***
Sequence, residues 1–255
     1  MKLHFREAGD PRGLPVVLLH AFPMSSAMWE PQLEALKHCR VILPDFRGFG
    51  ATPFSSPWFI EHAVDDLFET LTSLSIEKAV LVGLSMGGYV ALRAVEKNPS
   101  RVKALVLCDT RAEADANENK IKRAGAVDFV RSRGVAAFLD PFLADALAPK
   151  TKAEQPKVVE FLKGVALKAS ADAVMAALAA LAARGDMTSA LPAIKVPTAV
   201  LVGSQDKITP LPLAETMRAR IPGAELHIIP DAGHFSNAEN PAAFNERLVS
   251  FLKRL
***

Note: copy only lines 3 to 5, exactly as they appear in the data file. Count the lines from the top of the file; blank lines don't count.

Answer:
    51  ATPFSSPWFI EHAVDDLFET LTSLSIEKAV LVGLSMGGYV ALRAVEKNPS
   101  RVKALVLCDT RAEADANENK IKRAGAVDFV RSRGVAAFLD PFLADALAPK
   151  TKAEQPKVVE FLKGVALKAS ADAVMAALAA LAARGDMTSA LPAIKVPTAV